Q: What have you made of Trevor Davison coming in ahead of the remaining games of the season?
AW: I’ve played against Trev and he’s a big ox. He’s strong and he’s going to add a certain bit of grit to our pack because he’s a big, tough boy from up north. He’s obviously enjoying the warmer climate down here! It’s a bit different to Newcastle – the town as well as the climate – but we’re looking forward to seeing how he goes at the weekend seeing him get stuck in.
Q: Obviously, the match against London Irish will be your 350th Saints appearance. We’ve asked you something similar before but is this landmark beyond your dreams from when you started out?
AW: My goal when I first got into the Academy was to just get one cap and to have played as many times as I have, and led the side for how many years I did, and be able to win some trophies, play with some world-class players and just see the way the Club has developed over the 15 years I’ve been involved is a dream come true. It’s exceeded my wildest expectations. It’s an honour, although I’m not too focused on that at the moment. I’ll probably reflect on it a little bit after the game when I’m having a beer with some of the lads, and reflect on what we’ve achieved hopefully, then it’s on to the next one, it soon moves on.
Q: Nonetheless, you’re reaching a landmark that few players achieve at any club these days…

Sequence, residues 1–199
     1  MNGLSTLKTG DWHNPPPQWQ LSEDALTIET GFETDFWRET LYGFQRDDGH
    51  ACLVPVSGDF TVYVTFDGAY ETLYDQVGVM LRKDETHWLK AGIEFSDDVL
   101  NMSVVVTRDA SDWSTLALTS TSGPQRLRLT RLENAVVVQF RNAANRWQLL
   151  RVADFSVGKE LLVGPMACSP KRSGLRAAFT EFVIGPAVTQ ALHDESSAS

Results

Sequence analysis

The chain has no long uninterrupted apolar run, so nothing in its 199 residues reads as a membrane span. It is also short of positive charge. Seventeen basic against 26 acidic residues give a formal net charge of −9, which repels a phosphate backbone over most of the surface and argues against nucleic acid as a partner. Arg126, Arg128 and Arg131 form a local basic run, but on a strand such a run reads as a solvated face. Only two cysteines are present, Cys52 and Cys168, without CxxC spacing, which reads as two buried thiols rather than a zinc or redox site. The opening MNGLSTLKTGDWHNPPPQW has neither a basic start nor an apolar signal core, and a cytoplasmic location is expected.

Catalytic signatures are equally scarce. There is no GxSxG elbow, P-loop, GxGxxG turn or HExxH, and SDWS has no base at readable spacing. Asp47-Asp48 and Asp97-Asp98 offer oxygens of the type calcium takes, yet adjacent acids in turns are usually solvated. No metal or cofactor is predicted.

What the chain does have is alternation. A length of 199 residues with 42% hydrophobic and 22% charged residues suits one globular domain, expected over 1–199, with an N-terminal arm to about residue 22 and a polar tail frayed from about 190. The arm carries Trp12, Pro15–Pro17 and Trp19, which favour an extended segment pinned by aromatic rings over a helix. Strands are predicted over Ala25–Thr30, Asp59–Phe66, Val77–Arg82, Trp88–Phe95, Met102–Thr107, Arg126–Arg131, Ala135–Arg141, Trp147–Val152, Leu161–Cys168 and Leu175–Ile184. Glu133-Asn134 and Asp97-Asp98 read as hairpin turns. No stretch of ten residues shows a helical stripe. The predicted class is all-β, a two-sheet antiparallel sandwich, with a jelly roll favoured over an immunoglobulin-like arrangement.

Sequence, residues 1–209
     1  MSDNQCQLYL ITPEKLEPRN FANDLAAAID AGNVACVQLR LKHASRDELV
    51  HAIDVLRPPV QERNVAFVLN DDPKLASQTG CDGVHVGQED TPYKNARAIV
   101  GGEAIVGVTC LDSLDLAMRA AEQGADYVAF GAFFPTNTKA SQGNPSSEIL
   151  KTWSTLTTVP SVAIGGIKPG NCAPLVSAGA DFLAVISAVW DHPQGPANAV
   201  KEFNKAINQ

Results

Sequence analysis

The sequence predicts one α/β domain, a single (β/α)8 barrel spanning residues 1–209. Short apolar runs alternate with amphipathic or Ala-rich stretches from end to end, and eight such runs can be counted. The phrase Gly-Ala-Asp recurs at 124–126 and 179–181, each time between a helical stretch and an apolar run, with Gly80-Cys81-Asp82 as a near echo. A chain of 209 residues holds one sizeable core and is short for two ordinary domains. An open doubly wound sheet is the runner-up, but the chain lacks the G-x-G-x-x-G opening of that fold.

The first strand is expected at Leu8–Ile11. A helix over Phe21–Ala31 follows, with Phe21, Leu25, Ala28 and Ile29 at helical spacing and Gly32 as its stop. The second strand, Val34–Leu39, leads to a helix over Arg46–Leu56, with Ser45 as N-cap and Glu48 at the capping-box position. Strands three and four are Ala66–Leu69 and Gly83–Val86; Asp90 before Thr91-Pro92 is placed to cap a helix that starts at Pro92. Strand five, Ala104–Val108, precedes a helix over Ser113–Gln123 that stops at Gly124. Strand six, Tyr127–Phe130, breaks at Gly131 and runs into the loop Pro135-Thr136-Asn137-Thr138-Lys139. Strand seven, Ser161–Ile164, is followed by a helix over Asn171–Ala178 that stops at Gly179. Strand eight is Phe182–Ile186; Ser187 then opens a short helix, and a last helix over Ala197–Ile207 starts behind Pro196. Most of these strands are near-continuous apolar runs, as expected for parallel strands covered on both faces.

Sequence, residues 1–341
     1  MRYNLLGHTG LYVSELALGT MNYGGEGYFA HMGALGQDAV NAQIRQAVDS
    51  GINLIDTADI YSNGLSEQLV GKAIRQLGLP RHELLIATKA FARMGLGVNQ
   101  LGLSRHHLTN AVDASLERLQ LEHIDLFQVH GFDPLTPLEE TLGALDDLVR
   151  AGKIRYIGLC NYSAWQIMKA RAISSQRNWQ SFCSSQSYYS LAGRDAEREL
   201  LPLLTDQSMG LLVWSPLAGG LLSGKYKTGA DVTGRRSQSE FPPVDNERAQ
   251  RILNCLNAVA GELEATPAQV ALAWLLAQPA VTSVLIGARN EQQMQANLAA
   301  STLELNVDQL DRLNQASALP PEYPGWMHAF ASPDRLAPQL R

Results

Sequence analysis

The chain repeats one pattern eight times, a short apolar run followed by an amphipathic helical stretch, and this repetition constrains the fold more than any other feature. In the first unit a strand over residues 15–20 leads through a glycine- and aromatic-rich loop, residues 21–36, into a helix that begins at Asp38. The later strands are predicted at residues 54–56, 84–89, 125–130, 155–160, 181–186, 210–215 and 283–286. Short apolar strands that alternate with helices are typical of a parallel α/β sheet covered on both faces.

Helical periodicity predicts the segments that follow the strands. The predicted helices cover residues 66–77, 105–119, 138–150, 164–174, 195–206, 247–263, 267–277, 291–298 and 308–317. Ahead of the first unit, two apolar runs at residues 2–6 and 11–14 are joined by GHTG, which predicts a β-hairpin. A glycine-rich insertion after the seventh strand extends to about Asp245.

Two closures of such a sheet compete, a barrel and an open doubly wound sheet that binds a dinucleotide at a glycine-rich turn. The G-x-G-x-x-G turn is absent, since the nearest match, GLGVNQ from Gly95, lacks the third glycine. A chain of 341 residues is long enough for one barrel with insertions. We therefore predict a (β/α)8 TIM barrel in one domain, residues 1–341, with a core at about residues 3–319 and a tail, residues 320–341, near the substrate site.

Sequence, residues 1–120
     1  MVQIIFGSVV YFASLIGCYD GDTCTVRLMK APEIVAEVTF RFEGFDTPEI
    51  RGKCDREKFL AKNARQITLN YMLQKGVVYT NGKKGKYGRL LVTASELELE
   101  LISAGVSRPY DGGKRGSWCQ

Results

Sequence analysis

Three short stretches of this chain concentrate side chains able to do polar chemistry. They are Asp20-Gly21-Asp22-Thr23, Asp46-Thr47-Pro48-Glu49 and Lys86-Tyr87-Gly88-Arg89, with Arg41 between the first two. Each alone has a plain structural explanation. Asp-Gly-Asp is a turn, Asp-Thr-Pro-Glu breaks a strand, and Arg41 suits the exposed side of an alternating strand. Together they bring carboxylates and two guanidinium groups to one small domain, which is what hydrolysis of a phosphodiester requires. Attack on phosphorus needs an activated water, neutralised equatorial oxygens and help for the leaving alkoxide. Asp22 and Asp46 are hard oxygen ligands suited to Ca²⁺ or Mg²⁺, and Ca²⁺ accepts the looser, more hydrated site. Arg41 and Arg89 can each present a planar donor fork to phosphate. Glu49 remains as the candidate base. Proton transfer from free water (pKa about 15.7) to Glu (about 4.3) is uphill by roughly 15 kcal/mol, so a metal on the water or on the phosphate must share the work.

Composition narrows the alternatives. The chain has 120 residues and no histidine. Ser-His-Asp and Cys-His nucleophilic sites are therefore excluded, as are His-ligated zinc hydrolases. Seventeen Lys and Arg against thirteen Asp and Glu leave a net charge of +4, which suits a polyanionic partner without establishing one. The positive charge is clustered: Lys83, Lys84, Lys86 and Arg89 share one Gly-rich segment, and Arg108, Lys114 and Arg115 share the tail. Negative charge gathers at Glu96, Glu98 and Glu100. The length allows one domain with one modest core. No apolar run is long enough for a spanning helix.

AW: It is special and there have been a few lads – I think Danny Care is up there for Quins and obviously Mike Brown played a fair amount of times for Quins as well. There aren’t many who do that for one club in the professional era – obviously you’ve got your Piggies [David Powell] and your Don Whites at Northampton who have played a million times, but in the professional era, especially at Northampton, it’s an honour and a privilege. It’s my hometown club, I grew up watching them and to be able to do it this many times is an honour.
Q: Any specific memories from those 350 games?
AW: There’s too many to mention! Obviously, there are the finals, some of the big wins and also some of the big losses. They stand out and the lads that you play with and the stories that you make off the pitch are probably more prominent and those games sort of roll into one. But I remember certain aspects – obviously the 2013/14 season was pretty special and playing away in some big European games, especially when I was young in my career. They stick in the mind and I’m sure I’ll reflect fondly on it when I finish in a couple of years, and I look back on what I’ve done in my career, but at the moment it’s just so relentless and non-stop it’s hard to reflect so much. Fortunately enough, it’s all on TV and YouTube somewhere so I can look back on it and be that old man showing his son that his dad was cool at some point and he could be able to run, rather than just hobble around the house!
Q: How have you found your own season so far?
AW: I’m enjoying it. I’ll be kidding to say I wasn’t in the twilight of my career now so I’m enjoying every moment, I’m enjoying being with the lads. The squad has changed a lot and I’m feeling very much like me, Tom Cruse and Courts are probably the three oldest guys in the squad. We worked out the other day that when I played my 100th game for Saints, Alfie Petch was 13 and I gave George Patten a lift to work the other day, he told me he was born in 2003 and I nearly crashed the car! I’m enjoying it but I’m just enjoying a bit of no-pressure rugby and I think that’s showing on the pitch. I’m enjoying my form at the moment and I’m looking forward to continuing that.